In March of 2011, Governor Herbert of Utah signed House Bill 76. This law provides additional funding for the state’s Constitutional Defense Commission and give it the authority to try negotiation and mediation before taking the federal government to court over federal law that has been deemed unconstitutional in regard to powers given to the federal government by the U.S. Constitution. This gives Utah state legislators a clear path to challenge unconstitutional federal law and, hopefully, sends a message to federal lawmakers.

This year, along with many other pending bills that challenge federal authority in the state, Arizona has introduced SB 1358 (neutralization; federal laws). This short piece of legislation packs a powerful punch. Like the Utah legislation, if signed into law, the bill will allow for a committee (the Joint Legislative Committee on Neutralization of Federal Laws) to be established. This committee will not only review new federal legislation (within 30 days of its passing), but also review all existing federal statutes, mandates, and executive orders for the purpose of determining their constitutionality, and can recommend them for neutralization as well. Unlike the Utah law, however, after committee recommendation, a simple majority vote by the state legislature on the grounds of constitutionality is all that is necessary for neutralization. If that occurs, the bill mandates that the state and its citizens “shall not recognize or be obligated to live under the statute, mandate or executive order.”

Senator Lori Klein, who drafted the bill, stated, “We have in Washington a particularly overreaching administration as well as regulations that are coming out of agencies that are not even mandated from Congress. The states have a right to stand up to these kinds of onerous regulations.”  The bill itself contains strong wording in regard to its purpose, “This act serves as a notice and demand to the government to cease and desist all activities outside of the scope of their constitutionally designated powers that diminishes the balance of powers as established.”

If we have learned anything over the past few decades, it is precisely that once the federal government “takes control” in a particular area, whether it be via a law, mandate, or executive order, it is nearly impossible to have the action reversed. Therefore, Senator Klein isn’t naive when it comes to the federal government simply accepting any neutralization decision made by the state. She knows that any such decision will be challenged. However, she is steadfast in her position that only a Supreme Court ruling will be acknowledged by the state of Arizona. Unfortunately, the Supreme Court has not been generous with rulings for the states in regard to a clear division of state and federal authority, leaving many wondering what has happened to our system of checks and balances. Who is safeguarding the nature and intent of our Constitution?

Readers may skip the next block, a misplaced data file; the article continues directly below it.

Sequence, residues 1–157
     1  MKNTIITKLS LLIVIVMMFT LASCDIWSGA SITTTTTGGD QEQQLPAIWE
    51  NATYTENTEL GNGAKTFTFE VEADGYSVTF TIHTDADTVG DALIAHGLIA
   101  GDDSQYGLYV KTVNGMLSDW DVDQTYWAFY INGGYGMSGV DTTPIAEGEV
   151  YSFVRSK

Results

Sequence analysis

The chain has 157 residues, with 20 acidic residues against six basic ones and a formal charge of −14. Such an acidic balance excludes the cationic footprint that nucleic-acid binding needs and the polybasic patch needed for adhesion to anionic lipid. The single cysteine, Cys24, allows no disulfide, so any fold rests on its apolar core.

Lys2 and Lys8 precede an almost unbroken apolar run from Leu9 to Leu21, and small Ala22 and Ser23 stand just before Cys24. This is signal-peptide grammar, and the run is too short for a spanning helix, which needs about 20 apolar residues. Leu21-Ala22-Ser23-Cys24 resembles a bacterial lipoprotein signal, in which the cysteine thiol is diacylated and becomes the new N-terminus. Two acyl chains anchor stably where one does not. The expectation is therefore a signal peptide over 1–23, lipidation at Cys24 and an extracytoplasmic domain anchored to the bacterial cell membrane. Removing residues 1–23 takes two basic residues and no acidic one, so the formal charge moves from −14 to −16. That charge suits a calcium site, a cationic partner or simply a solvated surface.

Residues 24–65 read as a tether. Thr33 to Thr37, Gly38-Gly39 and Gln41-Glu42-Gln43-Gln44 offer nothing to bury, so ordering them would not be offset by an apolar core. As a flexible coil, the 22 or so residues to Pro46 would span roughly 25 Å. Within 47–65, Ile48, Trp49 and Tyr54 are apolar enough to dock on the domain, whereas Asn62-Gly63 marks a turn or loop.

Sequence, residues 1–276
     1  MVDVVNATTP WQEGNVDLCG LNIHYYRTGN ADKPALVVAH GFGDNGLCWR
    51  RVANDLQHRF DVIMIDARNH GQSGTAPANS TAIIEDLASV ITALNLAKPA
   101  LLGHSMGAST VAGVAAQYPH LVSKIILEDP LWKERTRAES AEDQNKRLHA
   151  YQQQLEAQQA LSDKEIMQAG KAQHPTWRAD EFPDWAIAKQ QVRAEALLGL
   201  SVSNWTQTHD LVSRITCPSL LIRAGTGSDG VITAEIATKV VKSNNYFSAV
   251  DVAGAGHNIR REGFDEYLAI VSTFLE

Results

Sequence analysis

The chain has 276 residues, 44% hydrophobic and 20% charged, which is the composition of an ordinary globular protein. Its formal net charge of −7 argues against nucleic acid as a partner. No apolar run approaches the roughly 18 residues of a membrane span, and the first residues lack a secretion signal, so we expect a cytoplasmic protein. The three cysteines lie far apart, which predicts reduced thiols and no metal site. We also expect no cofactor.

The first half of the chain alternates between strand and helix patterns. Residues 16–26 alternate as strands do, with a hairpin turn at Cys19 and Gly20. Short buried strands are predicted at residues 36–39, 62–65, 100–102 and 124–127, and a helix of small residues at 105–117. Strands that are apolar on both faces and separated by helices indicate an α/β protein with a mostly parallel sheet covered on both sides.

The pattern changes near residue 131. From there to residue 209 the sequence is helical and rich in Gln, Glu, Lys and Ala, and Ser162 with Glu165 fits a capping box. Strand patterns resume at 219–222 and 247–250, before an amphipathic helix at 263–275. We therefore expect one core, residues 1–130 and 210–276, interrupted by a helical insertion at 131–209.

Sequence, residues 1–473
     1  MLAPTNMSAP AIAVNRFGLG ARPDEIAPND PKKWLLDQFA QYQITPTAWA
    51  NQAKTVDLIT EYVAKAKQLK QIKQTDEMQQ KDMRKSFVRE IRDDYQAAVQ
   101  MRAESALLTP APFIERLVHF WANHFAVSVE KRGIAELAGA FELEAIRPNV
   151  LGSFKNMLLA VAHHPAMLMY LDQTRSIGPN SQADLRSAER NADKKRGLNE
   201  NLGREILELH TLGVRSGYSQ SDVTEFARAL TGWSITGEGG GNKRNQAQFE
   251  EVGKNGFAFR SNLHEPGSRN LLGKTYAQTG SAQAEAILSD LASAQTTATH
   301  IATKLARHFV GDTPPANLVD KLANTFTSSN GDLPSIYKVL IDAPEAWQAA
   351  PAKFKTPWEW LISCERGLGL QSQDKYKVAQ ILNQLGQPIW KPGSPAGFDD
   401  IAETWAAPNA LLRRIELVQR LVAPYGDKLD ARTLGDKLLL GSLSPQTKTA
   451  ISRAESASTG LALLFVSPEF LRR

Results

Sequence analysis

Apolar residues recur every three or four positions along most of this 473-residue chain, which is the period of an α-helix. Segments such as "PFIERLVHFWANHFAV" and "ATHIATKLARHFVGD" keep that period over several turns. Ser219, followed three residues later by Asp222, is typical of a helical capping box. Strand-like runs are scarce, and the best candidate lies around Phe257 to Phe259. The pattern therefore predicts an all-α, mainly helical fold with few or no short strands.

The final paragraphs of the bill’s purpose and declarations point to the Ninth and Tenth Amendments which have become the center of discussion across the nation as the federal government continues to blur its lines of authority with each new administration. The bill states: “Under the tenth amendment, the people and state of Arizona retain their exclusive power to regulate the state of Arizona, subject only to the fourteenth amendment’s guarantee that the people and state of Arizona shall exercise such sovereign power in accordance with each citizen’s lawful privileges or immunities, and in compliance with the requirements of due process and equal protection of the law.

The ninth amendment to the United States constitution secures and reserves to the people of Arizona, as against the federal government, their natural rights to life, liberty and property as entailed by the traditional anglo-American conception of ordered liberty and as secured by state law, including their rights as they were understood and secured by the law at the time that the amendment was ratified on December 15, 1791, as well as their rights as they were understood and secured by the law in the state of Arizona at the time the Arizona constitution was adopted. The people and this state hereby proclaim that the guarantee of those rights is a matter of compact between this state and people of Arizona and the United States as of the time that Arizona was admitted to statehood in 1912.”

What opponents of nullification do not understand is that our founders never intended for unconstitutional federal law to be forced upon the people of the several states. Thomas Jefferson is very clear in the following statement, “I ask for no straining of words against the general government, nor yet against the states. I believe the states can best govern our home concerns and the general government our foreign ones. I wish, therefore, to see maintained that wholesome distribution of powers established by the Constitution for the limitation of both; and never to see all offices transferred to Washington” (The Writings of Thomas Jefferson; 1854)

It appears that the future of our republic rests in each state’s ability to take a strong stand against federal encroachment and the current Supreme Court’s obligation to uphold this ruling from 1911, “Among the powers of the state not surrendered– which remain with the state– is the power to so regulate the relative rights and duties of all within its jurisdiction as to guard the public morals, the public safety, and the public health, as well as to promote the public convenience and the common good” (R.J. HOUSE v JOEL B. MAYES, Marshal of Jackson County, Missouri, and Elliott W. Major, Attorney General ).


Sabrina Reynolds

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